Very little is as it seems at a survival camp for “troubled” teens in this trilogy opener.
Still deeply upset nearly two years after the disappearance of his stage-magician older brother, Clay writes “Magic sucks!” in a notebook after turning in a blank paper on Shakespeare’s Tempest. He’s astounded to find the sentiment painted on a wall at school the next day—with his signature. The resultant fallout lands him on a remote Pacific island, where he encounters peers named Leira (spell it backward) and Mira, a grotesque puppet dubbed “Caliban” and a llama with a sign on its neck reading “Hola. Cómo se llama? Yo me llamo Como C. Llama.” He also discovers not one but two libraries of rare books—one stocked with oddly behaving grimoires. After climbing a live volcano and sliding back down on a board, he discovers (as he had been suspecting for some time) that it’s all been a setup—further developments to come. “Bosch,” a confirmed Lemony Snicket bandwagoneer, repeatedly interrupts with authorial rants, pleas and footnotes. The Shakespearean parallels aren’t particularly integral to the plot, and the twists, Como’s sign apart, are more inscrutable than clever. The book comes complete with multiple appendices and Ford’s illustrations (not seen for review).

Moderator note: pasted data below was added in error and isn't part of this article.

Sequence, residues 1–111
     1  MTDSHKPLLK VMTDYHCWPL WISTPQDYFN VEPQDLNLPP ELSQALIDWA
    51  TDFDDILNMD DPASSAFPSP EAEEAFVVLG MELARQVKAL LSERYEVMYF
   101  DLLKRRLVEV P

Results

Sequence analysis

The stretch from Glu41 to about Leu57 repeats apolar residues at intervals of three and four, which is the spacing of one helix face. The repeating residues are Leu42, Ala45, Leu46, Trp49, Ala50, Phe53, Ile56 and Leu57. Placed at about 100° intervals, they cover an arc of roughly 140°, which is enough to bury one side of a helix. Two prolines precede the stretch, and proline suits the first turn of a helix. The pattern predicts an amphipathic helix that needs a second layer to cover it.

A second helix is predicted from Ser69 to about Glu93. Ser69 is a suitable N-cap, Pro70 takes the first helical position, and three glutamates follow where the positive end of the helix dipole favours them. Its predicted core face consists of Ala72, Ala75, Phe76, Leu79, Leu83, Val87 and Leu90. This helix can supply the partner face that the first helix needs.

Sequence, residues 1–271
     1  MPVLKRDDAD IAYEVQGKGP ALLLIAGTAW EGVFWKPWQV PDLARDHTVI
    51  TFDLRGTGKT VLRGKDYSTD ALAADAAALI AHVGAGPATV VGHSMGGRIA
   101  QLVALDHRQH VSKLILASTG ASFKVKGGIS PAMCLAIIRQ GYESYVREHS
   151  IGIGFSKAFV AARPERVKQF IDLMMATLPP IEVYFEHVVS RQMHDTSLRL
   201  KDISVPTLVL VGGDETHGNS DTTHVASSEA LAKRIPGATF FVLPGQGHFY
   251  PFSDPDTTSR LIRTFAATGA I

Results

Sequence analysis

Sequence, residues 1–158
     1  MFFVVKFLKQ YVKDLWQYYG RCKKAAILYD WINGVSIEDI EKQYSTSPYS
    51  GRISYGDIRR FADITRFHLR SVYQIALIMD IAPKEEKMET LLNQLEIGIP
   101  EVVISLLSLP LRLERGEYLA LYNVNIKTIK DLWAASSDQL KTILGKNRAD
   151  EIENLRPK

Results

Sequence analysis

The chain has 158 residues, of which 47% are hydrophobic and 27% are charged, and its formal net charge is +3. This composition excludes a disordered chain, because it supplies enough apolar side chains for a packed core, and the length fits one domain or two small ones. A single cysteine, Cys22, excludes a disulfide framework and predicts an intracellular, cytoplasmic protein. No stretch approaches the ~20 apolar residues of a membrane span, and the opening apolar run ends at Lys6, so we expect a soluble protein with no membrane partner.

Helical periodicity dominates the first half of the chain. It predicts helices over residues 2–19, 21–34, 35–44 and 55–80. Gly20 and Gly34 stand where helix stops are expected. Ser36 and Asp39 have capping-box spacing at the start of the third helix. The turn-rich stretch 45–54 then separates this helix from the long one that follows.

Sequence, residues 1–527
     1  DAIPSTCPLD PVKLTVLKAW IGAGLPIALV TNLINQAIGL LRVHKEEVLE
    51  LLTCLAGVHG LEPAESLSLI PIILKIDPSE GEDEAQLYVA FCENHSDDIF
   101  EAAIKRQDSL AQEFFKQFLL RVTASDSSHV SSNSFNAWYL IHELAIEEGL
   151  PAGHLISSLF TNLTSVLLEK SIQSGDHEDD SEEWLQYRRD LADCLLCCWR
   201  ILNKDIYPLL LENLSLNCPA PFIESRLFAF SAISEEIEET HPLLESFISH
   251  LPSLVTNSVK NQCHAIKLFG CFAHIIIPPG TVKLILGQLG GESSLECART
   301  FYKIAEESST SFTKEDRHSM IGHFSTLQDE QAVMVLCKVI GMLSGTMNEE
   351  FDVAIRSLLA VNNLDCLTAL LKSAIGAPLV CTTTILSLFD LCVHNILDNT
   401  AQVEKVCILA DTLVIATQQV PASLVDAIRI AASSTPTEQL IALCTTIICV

Clay is Everykid enough (“almost handsome, in a dried-snot-on-his-sleeve sort of way”) to keep readers hanging around to see what happens to him next. (Fantasy. 12-14)